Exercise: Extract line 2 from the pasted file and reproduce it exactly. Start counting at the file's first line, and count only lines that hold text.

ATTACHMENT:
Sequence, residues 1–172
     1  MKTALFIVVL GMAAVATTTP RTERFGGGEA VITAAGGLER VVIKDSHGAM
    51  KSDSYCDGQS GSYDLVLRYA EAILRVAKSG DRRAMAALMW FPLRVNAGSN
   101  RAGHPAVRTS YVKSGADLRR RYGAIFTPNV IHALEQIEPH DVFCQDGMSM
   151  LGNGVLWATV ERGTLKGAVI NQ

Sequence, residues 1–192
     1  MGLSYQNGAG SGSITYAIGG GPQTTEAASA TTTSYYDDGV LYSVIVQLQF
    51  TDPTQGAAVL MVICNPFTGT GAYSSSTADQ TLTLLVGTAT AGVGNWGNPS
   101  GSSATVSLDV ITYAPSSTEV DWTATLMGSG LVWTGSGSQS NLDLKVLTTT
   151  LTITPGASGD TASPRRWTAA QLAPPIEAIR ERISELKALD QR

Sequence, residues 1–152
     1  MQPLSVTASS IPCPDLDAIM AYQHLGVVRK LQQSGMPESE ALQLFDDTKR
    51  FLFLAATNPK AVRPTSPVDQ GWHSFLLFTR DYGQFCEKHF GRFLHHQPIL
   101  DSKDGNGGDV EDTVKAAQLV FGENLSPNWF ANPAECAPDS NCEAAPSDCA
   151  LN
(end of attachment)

     1  MKTALFIVVL GMAAVATTTP RTERFGGGEA VITAAGGLER VVIKDSHGAM